How to Get Rid of Voles and Repair Your Lawn

Mouses on Snow

After spring and summer, your lawn is looking great. The soil is healthy, and that thick green turf covers your yard like a carpet. Unfortunately, that beautiful lawn is also a buffet table for small rodents. If voles have taken up residence in your yard, we’ve got the information you need to know on how to get rid of voles and repair your lawn.

What Does Vole Damage Look Like?

The common North American vole, from a 1900 U.S. Department of Agriculture field book

Runways: Voles leave unmistakable scars in your yard called runs or runways — grassless depressions crisscrossing your yard like little sidewalks leading to and from their burrow openings. 

Gnaw marks: If it’s voles, you’ll see patches of gnaw marks with irregular patterns about 1/16th to 1/8th inches wide. Gnawed stems may have a pointed tip, and the roots or tubers may also show the same wear.

Damage from pine voles: One species, pine voles, burrows entirely underground. Their damage may not be as easy to spot, but they still have their tells. 

  • Spongy ground from their tunnels will give them away.
  • Trees that seem to be suffering from other problems may be getting girdled underground by pine voles.

Hawks:  Hawks circling overhead can be a clue that you have voles in your yard, says Colorado State.

So, it’s been a few years since you’ve seen the voles, and you think they’ve finally said au revoir to your lawn? Not so fast. 

Dana Sanchez, a wildlife specialist with the Oregon State University Extension, notes that vole populations are cyclical, meaning their populations wax and wane. While it is tied to food supplies, no one has been able to crack the code in predicting when the next high population year will be. 

So, if you have a few years without much vole activity, don’t get the wrong impression. You’ll probably see them again in the future.

How to Get Rid of Voles

Photo Credit: Peter Trimming / Flickr / CC BY 2.0

How to Get Rid of a Small Population of Voles

So, you’ve surveyed the damage, and it’s voles. If it’s a small population, you may be able to handle it yourself. If you want to protect your lawn from further damage, it’s time to evict those unwanted squatters. The usual control methods are repellents, trapping, or baiting.

  • Repellents 

DIY vole spray repellent:  In a spray bottle, mix equal parts water and dish soap (put water in first to keep from bubbling), and add diced hot peppers. Formulations with at least 0.5 percent capsaicin show marginal repellency. However, concentrations of greater than 1 percent capsaicin are required to repel some rodents, so a higher concentration may have a higher rate of repellency.

Spray around areas attractive to voles like your garden, their holes, or any brush piles. Reapply twice per week or after it rains.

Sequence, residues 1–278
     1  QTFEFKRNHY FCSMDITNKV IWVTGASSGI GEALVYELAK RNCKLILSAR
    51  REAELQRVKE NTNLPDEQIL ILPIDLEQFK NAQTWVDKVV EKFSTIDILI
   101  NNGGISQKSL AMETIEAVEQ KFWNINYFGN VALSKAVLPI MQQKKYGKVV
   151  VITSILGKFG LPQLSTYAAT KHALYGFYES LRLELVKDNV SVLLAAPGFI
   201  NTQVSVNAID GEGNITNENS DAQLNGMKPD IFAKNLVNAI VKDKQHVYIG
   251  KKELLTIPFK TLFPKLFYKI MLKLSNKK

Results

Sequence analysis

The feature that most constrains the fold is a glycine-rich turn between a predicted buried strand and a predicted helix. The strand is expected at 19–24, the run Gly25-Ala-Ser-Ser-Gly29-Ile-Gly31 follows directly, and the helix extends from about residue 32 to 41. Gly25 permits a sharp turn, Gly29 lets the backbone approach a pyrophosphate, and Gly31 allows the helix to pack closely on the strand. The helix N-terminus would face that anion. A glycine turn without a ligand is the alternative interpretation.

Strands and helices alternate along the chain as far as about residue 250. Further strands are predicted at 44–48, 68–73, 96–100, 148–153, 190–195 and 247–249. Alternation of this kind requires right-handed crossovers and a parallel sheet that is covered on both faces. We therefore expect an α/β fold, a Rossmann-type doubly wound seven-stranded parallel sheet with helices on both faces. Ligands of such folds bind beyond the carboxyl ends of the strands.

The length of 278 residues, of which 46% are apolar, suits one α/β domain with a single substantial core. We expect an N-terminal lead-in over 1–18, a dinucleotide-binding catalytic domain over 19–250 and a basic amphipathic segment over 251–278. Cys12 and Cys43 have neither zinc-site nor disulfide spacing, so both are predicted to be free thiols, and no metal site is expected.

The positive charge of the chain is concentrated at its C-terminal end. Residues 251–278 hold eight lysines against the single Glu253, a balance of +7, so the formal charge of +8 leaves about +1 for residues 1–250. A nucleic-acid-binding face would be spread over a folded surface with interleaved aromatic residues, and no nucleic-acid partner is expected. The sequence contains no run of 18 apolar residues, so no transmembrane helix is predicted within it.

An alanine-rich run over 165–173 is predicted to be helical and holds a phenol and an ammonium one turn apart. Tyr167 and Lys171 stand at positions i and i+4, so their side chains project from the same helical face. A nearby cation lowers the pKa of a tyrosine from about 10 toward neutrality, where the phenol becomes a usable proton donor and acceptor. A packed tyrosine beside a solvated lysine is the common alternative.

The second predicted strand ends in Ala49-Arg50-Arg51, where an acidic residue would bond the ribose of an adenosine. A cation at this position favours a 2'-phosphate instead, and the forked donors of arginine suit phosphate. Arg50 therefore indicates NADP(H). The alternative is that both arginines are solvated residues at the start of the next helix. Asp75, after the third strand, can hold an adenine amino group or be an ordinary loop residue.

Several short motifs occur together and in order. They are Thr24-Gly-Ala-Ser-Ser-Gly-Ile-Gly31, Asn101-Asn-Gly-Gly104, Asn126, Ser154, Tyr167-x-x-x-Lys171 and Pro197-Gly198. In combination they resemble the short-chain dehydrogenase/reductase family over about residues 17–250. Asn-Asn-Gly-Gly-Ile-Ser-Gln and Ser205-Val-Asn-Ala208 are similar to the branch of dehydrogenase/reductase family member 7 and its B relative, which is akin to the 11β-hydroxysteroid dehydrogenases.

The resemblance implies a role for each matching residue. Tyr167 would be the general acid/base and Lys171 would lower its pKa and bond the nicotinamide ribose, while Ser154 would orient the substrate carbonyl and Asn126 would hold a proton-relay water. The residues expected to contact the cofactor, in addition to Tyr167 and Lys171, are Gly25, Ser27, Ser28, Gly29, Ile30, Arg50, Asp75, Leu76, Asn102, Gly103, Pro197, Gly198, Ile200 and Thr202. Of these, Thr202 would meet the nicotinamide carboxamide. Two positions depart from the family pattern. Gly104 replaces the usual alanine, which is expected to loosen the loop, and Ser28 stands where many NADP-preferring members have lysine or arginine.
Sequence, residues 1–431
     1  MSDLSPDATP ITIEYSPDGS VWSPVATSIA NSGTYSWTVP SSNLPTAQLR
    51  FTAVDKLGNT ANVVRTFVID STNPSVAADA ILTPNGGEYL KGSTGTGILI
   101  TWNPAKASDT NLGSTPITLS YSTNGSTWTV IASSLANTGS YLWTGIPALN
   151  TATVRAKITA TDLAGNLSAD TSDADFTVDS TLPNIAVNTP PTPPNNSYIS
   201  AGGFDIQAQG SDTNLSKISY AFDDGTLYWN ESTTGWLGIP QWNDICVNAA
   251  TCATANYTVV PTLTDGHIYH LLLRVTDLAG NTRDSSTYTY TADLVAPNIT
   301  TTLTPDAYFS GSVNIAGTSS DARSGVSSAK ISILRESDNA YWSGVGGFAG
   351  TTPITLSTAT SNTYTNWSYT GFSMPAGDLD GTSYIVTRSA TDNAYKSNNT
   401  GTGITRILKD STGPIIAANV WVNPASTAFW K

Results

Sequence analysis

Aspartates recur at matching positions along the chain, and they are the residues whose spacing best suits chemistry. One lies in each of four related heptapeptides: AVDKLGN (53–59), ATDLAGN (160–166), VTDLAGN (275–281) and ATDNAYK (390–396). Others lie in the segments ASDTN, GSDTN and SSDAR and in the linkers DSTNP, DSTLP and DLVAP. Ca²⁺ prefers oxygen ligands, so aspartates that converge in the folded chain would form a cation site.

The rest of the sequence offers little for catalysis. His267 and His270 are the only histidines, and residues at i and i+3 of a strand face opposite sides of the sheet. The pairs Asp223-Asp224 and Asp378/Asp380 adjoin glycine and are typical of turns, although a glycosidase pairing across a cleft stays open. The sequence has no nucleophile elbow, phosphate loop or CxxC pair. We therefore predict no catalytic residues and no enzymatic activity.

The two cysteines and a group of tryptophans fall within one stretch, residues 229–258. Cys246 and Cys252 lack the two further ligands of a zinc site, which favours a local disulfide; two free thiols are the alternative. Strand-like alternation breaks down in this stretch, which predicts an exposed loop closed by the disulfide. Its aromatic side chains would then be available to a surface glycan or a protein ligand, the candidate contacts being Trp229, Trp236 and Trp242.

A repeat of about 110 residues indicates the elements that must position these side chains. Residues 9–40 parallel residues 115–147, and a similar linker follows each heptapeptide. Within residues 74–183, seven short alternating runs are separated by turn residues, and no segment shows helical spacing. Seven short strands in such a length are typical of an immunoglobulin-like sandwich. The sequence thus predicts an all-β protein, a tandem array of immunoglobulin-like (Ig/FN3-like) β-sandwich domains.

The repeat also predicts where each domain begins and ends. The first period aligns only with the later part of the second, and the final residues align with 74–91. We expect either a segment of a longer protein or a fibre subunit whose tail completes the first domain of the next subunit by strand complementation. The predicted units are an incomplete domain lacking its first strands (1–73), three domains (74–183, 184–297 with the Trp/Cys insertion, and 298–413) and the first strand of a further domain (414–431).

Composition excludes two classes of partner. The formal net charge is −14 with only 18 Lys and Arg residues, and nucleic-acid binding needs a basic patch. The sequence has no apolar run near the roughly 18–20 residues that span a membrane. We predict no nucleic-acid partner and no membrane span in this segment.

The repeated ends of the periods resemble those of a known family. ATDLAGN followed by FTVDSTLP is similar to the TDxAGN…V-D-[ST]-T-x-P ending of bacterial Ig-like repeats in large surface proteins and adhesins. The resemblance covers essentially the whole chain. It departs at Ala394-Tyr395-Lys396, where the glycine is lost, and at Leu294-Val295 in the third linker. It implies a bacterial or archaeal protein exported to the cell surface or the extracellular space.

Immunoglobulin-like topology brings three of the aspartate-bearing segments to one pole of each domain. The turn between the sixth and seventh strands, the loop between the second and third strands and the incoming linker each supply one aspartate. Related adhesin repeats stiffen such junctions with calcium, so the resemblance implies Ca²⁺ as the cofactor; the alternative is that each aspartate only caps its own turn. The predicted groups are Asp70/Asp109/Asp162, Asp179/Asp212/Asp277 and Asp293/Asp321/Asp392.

Castor oil repellent: Pour 6 ounces of 100 percent castor oil and 2 tablespoons of dish soap into 1 gallon of water. Mix well. Pour one ounce of this mixture into a gallon of water. Then thoroughly water the area you want to protect.

Pro Tip: This castor oil solution doubles as a mole repellent.

  • Traps 

Live traps: There are humane, cage-like live traps that won’t kill voles but allow you to relocate them to another location. 

Kill traps: Traditional mouse traps also work if you’re not uncomfortable with dead rodents. “Snap-trapping, as it’s known, is best for small areas,” says Sanchez. With a relatively small lawn, a quarter-acre to a half-acre or so, trapping can be effective.

Traps are inexpensive and effective but don’t work for large vole infestations. Sanchez notes, “The larger the area, the less feasible snap-trapping becomes.” It comes down to how much time people can afford to invest in the effort.

  • Bait Stations 

Bait stations allow the voles to feed on treated bait for about two weeks, eventually killing them. You can buy these stations at your local hardware store, online or make your own.

DIY PVC Bait Station

You can build your own bait station and use poison baits for voles, but as they’re a related species, mouse poison works, too.

Things you need:

  • 24 inches of 1.5-2 inch PVC tubing
  • Hacksaw
  • Standard “T” joint
  • End cap
  • PVC cement


  • Cut the 24-inch PVC pipe in half
  • Using a hacksaw, cut one of the two pieces in half. (You’ll have two 6-inch sections and one 12-inch section)
  • Cut the ends of the 6-inch pieces at 45-degree angles.
  • Apply PVC cement (clean sections first for better seal) and glue the 12-inch section to the top of the “T” joint, then the 6-inch sections on the bottom — basically, you should end up with a big “T”.
  • Bury the PVC with the 12-inch section sticking up and the ends aligned with the entrance/exit to the vole’s tunnel.
  • Drop bait down the tube and cover with the cap. (This keeps rain and debris out.)

Commercial baits are available, but you’ll need to attract the voles to the stations with sunflower seeds, small nuts, or oatmeal mixed with peanut butter.

How to Get Rid of a Large Population of Voles

  • Traps

The Nebraska Extension offers some guidance on vole-trapping, but as with most pest control issues, an integrated pest management approach (exclusion, trapping, baits, and/or repellents) will be the most effective at reducing populations in your lawn.

  • Place the snap traps perpendicular to the surface runways.
  • Bait is not necessary, but peanut butter mixed with oatmeal is a good option. Bird seed and grass seed also work.